Dr. King Inspired Groundbreaking Work at Henry Ford

“Make a career of humanity. Commit yourself to the noble struggle for equal rights. You will make a better person for yourself, a greater nation of your country, and a finer world to live in.”
Rev. Dr. Martin Luther King, Jr.

This year marks the 15th annual Rev. Dr. Martin Luther King Jr. Day celebration at Henry Ford Hospital.

It’s become an important tradition for us each year to take time to honor and celebrate the life of Dr. King – his words, rhetoric and actions. It’s truly one of the greatest days that we have here on campus.

The Mosiac Singers with the Mosiac Youth Theatre of Detroit gave an amazing performance at the event.

The Mosiac Singers with the Mosiac Youth Theatre of Detroit gave an amazing performance at the event.

Dr. King inspired a nation and he influenced much of the groundbreaking work in racial relations and equality accomplished in the 1950s, 1960s and 1970s at Henry Ford Hospital. 

Throughout our history there have been many employees who have made a “career out of humanity” at Henry Ford.

In honor of Dr. King’s legacy, I want to share with you some of the individuals and groups who hold a special place in our hospital’s history for moving ahead the cause of equality:

MAYOR DENNIS ARCHER
After completing high school in the 1950s, Dennis Archer moved to Detroit to find work to finance his college education. He wanted to become a school teacher.

While working to achieve his goal, former Detroit Mayor Dennis Archer held many jobs; one of which made history at Henry Ford Hospital.

He became the first African American to work in the medical records department at Henry Ford Hospital.

THE “FORDSMEN”
Before Dr. King arrived in Detroit in 1963 to give a version of his “I Have a Dream” speech and lead 25,000 people on a peaceful “Walk to Freedom,” the “Fordsmen” were working to create a more harmonious work environment at Henry Ford Hospital.

The Fordsmen Club were formed in 1961 by a group of African-American employees to serve as both a social and supportive role to all employees. Their work was groundbreaking at a time when hospital patients and staff in Michigan were not yet integrated.

The Fordsmen in 1961 were Felton Petty, Ernest Slaton, Charles Robinson, Robert Haskett, Fletcher Jefferson, Virgil Waters, Lee Gooden and George Smith.

LEE GOODEN & WILMA GANDY
What began as a violent public disorder on the morning of July 23, 1967 soon evolved into a civil disturbance when rioting broke out after police raided an illegal after-hours bar and arrested 85 people on 12th Street and Clairmont, in the Virginia Park neighborhood of Detroit.

It was a defining moment in Detroit history, affecting every resident and business in the city, including Henry Ford Hospital.

During the first few days of the riots, many employees including the Fordsmen’s Lee Gooden, stayed at the hospital to care for patients. Gooden and many others watched from the 17th floor of the clinic building as the city burned.

Many employees bravely made their way to work at Henry Ford Hospital in the days following the initial outbreak of the riots. Most notably, ward clerk Wilma Gandy came to the hospital the morning after the start of the riots to help her patients.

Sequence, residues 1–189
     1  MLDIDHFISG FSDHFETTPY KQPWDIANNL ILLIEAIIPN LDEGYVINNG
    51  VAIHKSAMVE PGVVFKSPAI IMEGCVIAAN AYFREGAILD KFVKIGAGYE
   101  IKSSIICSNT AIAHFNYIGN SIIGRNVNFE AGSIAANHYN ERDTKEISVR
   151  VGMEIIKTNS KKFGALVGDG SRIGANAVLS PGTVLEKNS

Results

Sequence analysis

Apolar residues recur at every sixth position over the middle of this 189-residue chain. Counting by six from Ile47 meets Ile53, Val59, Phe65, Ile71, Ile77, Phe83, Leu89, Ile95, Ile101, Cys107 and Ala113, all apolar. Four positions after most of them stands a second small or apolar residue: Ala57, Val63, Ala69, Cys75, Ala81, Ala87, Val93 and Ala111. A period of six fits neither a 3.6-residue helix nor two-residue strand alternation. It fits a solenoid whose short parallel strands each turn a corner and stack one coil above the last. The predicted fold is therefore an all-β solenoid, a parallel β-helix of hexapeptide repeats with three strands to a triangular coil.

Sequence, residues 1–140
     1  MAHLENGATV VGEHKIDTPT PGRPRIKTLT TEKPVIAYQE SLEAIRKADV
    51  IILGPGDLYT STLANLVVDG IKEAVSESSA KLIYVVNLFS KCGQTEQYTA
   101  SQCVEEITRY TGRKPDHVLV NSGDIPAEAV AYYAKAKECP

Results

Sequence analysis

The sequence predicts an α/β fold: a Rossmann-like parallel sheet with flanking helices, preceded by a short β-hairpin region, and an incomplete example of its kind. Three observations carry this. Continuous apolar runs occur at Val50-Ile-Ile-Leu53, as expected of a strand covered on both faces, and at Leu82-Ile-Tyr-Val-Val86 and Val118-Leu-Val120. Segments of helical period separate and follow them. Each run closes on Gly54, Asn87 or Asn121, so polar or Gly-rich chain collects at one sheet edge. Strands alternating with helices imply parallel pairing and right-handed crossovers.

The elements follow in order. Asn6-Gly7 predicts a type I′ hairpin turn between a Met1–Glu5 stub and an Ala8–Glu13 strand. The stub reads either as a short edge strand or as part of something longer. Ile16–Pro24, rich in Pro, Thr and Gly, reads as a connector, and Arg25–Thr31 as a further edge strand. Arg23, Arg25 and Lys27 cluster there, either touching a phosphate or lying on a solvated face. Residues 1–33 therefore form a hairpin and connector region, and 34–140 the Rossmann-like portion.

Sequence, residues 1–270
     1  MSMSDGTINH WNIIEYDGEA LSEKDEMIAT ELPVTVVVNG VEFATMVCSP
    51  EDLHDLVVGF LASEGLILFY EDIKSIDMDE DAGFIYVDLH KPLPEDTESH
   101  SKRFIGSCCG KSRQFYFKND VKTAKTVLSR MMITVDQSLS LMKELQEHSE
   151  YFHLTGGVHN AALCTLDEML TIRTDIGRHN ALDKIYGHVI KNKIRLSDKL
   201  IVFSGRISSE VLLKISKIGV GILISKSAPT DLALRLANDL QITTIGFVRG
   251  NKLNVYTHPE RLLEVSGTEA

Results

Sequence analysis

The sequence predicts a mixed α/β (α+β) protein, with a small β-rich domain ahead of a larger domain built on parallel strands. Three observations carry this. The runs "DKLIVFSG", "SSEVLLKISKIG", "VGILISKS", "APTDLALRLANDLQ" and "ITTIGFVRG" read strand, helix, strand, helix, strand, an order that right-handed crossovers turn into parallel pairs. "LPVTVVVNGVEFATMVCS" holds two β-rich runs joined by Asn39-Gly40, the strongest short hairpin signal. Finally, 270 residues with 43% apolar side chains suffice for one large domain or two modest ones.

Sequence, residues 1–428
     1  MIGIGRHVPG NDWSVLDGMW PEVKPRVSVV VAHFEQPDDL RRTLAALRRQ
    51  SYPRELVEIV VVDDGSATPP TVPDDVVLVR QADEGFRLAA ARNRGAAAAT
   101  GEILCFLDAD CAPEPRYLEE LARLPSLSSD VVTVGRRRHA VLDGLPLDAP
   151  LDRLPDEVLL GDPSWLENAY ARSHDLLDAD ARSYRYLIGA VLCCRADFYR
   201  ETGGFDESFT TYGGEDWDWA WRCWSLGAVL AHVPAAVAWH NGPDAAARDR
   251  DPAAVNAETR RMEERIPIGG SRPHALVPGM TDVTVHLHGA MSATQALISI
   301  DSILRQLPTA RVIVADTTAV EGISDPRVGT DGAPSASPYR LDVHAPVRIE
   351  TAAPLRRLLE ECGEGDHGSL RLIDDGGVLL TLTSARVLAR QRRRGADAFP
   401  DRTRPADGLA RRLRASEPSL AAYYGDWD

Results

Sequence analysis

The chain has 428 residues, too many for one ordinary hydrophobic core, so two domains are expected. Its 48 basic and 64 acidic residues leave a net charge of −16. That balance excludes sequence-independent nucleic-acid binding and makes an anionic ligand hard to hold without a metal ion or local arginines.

Adding to her place in Henry Ford Hosipital history, Gandy also is credited with working to integrate patients at Henry Ford Hospital in the 1960s and 1970s.

NURSES MARY MORRIS & THERESA JONES
In April 1972, Henry Ford Hospital appointed Theresa Jones, R.N. as the first African American Director of Nursing Education.

That same year, Mary Morris was appointed the first African American Director of Nursing.

With Theresa Jones and Mary Morris in their new roles, the hospital both integrated and restructured the nursing department.

Richard Jackson, M.D., MPH, chair of Environmental Health at UCLA’s School of Public and a longtime advocate for improving the health of residents in urban areas, was the event's keynote speaker.

Richard Jackson, M.D., MPH, chair of Environmental Health at UCLA’s School of Public and a longtime advocate for improving the health of residents in urban areas, was the keynote speaker at the 2015 Dr. Martin Luther King Jr. Day Celebration at Henry Ford Hospital.

I believe Dr. King would be proud of all of these individuals and their accomplishment. We are forever indebted to them and their extraordinary work at our hospital.They left an important mark on our health system’s history.

Now in our 100th year, today not only offers an opportunity to look upon our past but celebrate a future of great health care and great community partnerships.

But there’s another important anniversary coming up in March: The 50th anniversary of the 1965 march from Selma to Montgomery, Alabama. The 54-mile-walk was to show the desire of African Americans to exercise their constitutional right to vote.

This anniversary is yet another opportunity to celebrate the incredible work and life of Dr. King to move forward the causes to create the next 50 years of our life in America with greater equality.

The message of equality, justice and tolerance is enduring and serve as a beacon of hope to the entire world.

It’s a journey, however, that has not yet been concluded.

To learn more about the above-mentioned individuals and our incredible history at Henry Ford, be sure to visit the new 100 Year Anniversary website.

You can also go to the Henry Ford Hospital Facebook page to view photos from today’s MLK celebration.

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